While there isn’t much to gloat about its battery life, the handset features a quick-charge 2.0 microUSB port that gets its battery juiced back to 100% capacity in just a matter of 85 minutes, which is perhaps one of the fastest when factoring its battery size.

Battery Benchmarks

Battery life (hours)
Higher is better
Samsung Galaxy S6 7h 14 min (Good)
HTC One M9 6h 25 min (Average)
ZTE Axon Pro 6h 15 min (Average)
LG G4 6h 6 min (Average)
Charging time (minutes)
Lower is better
Samsung Galaxy S6 78
HTC One M9 106
ZTE Axon Pro 85
LG G4 127
View all

Conclusion


Okay, you’ve got our attention, ZTE. Well done in achieving that, because as we’ve seen in the past, ZTE phones haven’t been all that desirable here in the US. We’ve waited and prayed to hopefully see its Nubia line of smartphones arrive on American soil, but that never came. Perhaps some of us are saddened by that realization, but in all fairness, we’re comforted and impressed by what the ZTE Axon Pro is undertaking.

First and foremost, this is one incredibly powerful smartphone that’ll appease the folks who are all about the specs sheet – it just reeks everywhere of high-end hardware befitting of a flagship. Secondly, ZTE surprises us more by accompanying it with a mostly stock Android Lollipop experience. And finally, the $450 cost attached to this unlocked phone makes it so that it’s undercutting the competition in a significant way.

Everything seems to point to a unanimous hit for ZTE, but the biggest opportunity left for the Axon Pro is achieving broader availability. Yes, it’s unlocked and ready to ride on any GSM network, but it lacks the necessary radios to make it compatible to work with the CDMA networks of Sprint and Verizon. In contrast, its direct rivals are offered in all sorts of variants to cover the gap – giving them greater exposure to consumers.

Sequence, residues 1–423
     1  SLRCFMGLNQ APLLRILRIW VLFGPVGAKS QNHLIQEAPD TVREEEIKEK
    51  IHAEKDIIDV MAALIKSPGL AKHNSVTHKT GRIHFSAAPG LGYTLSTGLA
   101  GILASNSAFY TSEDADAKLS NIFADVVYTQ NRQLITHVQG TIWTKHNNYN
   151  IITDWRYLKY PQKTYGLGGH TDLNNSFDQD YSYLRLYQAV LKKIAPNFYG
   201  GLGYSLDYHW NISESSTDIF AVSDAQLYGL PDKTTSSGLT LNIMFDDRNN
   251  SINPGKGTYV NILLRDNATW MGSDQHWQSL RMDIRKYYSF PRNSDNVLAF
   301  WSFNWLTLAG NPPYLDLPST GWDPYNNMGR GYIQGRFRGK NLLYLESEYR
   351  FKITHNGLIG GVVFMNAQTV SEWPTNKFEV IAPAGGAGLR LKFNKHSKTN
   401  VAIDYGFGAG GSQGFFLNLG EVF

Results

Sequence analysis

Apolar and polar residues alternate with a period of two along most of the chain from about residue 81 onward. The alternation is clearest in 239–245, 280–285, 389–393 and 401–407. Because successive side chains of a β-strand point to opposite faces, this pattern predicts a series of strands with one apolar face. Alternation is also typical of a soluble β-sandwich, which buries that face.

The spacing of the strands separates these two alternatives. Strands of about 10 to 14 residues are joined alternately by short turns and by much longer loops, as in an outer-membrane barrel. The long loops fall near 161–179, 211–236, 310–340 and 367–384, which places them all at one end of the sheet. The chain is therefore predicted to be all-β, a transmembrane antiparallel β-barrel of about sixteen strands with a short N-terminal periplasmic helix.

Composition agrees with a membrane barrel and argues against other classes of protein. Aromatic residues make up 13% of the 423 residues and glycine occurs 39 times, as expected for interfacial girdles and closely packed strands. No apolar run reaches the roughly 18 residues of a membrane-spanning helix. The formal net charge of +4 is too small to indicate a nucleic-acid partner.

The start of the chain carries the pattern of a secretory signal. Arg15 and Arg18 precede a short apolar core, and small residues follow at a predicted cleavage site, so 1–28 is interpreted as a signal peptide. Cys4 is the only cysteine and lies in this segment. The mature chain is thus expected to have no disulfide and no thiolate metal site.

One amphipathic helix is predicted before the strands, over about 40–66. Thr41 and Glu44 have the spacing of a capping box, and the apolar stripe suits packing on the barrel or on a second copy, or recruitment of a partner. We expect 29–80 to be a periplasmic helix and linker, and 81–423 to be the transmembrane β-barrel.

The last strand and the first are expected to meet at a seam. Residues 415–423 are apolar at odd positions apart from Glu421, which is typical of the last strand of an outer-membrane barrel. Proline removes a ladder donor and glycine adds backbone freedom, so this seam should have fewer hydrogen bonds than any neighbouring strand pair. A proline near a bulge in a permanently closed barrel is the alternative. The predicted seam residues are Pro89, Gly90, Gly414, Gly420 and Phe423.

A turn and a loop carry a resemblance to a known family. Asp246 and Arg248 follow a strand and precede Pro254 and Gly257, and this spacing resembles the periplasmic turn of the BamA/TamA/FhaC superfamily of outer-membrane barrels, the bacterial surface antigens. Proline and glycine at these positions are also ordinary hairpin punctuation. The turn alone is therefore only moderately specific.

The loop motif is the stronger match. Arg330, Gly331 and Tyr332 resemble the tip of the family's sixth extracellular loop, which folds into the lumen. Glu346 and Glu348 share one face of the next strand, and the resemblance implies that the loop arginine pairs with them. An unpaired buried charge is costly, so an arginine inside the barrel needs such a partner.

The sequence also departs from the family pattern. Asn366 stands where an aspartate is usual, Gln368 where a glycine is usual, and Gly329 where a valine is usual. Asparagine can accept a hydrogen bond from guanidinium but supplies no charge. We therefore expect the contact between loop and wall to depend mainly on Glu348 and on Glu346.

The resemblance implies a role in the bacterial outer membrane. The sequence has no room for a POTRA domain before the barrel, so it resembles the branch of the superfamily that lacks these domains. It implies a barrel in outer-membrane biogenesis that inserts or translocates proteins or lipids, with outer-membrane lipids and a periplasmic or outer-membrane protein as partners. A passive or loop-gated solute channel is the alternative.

So, is it worth it to pick up the ZTE Axon Pro over some of the aforementioned devices? Naturally, that’s tough because there are still opportunities to advance its performance in the areas of its camera and battery life. If you’re looking for the savings in a high-end, flagship phone, you’ll certainly get it here with the Axon Pro – whereas devices like the iPhone 6 and Galaxy S6 will still cost you at least $650. This is just the beginning, as the Axon Pro is meant to be the bridge device in getting ZTE’s name into the minds of consumers. So far, it strikes a nerve that’s deeply electrical. Let’s just hope they can use the momentum to their advantage.

Software version of the review unit:
Android Version: 5.1.1
Build Number: A1PV1.0.0B17
Kernel Version: 3.10.49-perf-g4ae9856